Davilla filed the instant petition for a writ of habeas corpus pursuant to § 2254 on June 2, 1998. The petition purports to raise the following claims: (1) that newly discovered evidence warranted an evidentiary hearing; (2) that the trial court abused its discretion in considering evidence not in the record in dismissing the petition for post-conviction relief; (3) that counsel for defendant labored under an actual conflict of interest made manifest at *1084 trial; (4) ineffective assistance of counsel; and (5) that the 90-year sentence is excessive and violated his right to be free from cruel and unusual punishment. In his Memorandum in support of his petition, Davilla only argues the fifth claim in his petition.

 
DISCUSSION

Before the Court can consider the merits of a petition for a writ of habeas corpus, several threshold requirements must be met. First, the petitioner must have exhausted his state court remedies. See O'Sullivan v. Boerckel, 526 U.S. 838, 841, 119 S. Ct. 1728, 144 L. Ed. 2d 1 (1999). Additionally, the petitioner must have fairly presented his federal claims at each step of a state proceeding, so as not to be procedurally defaulted. See Momient-El v. DeTella, 118 F.3d 535, 538 (7th Cir. 1997). Federal review is precluded if the petitioner is in default unless the petitioner can "demonstrate cause for the default and actual prejudice as a result of the alleged violation of federal law, or demonstrate that failure to consider the claims will result in a fundamental miscarriage of justice." Coleman v. Thompson, 501 U.S. 722, 724, 111 S. Ct. 2546, 115 L. Ed. 2d 640 (1991). Furthermore, even if the issues were fairly presented, federal review is still precluded if a state court declined to address the merits of the issues based upon a state ground that is both independent of the federal question and adequate to support the judgment. Coleman, 501 U.S. at 729, 111 S. Ct. 2546. Finally, the petitioner must raise an issue of federal law. See 28 U.S.C. § 2254 ("a district court shall entertain an application for writ of habeas corpus ... only on the ground that [a prisoner] is in custody in violation of the Constitution or laws or treaties of the United States.")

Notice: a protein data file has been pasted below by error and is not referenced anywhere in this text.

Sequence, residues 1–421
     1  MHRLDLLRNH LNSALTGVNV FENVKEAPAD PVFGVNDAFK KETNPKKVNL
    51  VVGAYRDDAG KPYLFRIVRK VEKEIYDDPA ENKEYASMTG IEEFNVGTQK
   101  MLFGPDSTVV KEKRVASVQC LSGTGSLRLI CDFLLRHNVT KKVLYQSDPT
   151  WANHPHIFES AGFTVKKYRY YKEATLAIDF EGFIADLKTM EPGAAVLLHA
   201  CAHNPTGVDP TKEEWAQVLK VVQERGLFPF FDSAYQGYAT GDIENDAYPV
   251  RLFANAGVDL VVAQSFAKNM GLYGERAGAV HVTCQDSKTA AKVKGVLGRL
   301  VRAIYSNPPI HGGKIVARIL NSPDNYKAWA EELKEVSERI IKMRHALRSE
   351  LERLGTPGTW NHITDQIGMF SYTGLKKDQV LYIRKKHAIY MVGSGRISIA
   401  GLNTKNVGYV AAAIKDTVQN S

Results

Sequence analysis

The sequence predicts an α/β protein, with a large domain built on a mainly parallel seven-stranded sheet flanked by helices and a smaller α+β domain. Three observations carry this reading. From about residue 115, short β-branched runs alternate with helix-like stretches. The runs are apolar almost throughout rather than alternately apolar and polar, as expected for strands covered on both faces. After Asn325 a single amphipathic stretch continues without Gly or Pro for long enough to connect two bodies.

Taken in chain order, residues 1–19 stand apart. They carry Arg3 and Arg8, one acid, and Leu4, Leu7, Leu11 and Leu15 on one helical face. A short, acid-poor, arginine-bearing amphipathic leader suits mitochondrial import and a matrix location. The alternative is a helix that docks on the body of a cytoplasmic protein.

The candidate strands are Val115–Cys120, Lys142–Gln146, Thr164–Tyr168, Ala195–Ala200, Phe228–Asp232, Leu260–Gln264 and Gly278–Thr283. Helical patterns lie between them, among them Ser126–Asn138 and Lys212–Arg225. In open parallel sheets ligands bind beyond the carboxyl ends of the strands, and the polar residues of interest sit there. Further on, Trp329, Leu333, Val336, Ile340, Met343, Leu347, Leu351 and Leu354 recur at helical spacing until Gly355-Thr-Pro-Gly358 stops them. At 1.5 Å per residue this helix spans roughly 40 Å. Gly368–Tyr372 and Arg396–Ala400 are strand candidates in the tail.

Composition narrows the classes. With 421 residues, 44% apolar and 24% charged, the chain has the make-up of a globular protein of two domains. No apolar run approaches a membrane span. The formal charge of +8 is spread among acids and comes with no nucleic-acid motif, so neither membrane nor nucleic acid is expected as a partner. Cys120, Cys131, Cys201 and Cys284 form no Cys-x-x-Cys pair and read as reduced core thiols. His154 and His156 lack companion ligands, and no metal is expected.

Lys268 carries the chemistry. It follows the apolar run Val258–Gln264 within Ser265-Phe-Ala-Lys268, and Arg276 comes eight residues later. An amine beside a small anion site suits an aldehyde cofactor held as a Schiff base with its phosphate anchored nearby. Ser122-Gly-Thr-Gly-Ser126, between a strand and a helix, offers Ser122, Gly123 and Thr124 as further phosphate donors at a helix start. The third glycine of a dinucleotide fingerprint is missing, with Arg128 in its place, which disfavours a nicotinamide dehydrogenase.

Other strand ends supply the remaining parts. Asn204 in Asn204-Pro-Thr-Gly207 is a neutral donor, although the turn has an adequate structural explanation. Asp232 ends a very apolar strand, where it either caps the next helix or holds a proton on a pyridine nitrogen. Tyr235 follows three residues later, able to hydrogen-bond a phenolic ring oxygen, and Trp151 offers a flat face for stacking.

Procedural Default

Clark does not argue that Davilla's first four claims are procedurally defaulted, thus, the arguments are waived. Clark does argue, however, that Davilla's fifth claim, that the 90-year sentence is excessive and violated his right to be free from cruel and unusual punishment, is procedurally defaulted. Clark argues that the first time that Davilla has argued that his sentence constitutes cruel and unusual punishment was in his petition for writ of habeas corpus. Further, Davilla failed to address the procedural default issue, and he did not take advantage of the opportunity to file a reply brief.

As demonstrated both by Davilla's briefs in the Illinois Appellate Court and the Illinois Appellate Court's decision, Davilla argued that the trial court abused its discretion in sentencing him to ninety years because the court improperly based the severity of the sentence on the gram weight of the untested substances and because the judge improperly relied on his own personal opinions regarding the social value of cocaine and his own knowledge about the drug. Abuse of discretion, however, is a matter of state law, not a federal constitutional claim. See Hodges v. Haws, 955 F. Supp. 958, 964 (N.D.Ill.1997). An exhaustive review of Davilla's state court briefs indicates that he never argued or even raised his cruel and unusual punishment argument in state court. Fair presentment requires Davilla "to give the state courts a meaningful opportunity to pass upon the substance of the claims later presented in federal court," meaning both the operative facts and the controlling legal principles must be submitted for the court's review. Rodriguez v. Scillia, 193 F.3d 913, 916 (7th Cir. 1999). The record does not contain any evidence that Davilla fairly presented this issue during either direct appeal or the post-conviction relief *1085 proceedings. As such, the claim has been waived. O'Sullivan, 526 U.S. at 845, 119 S. Ct. 1728.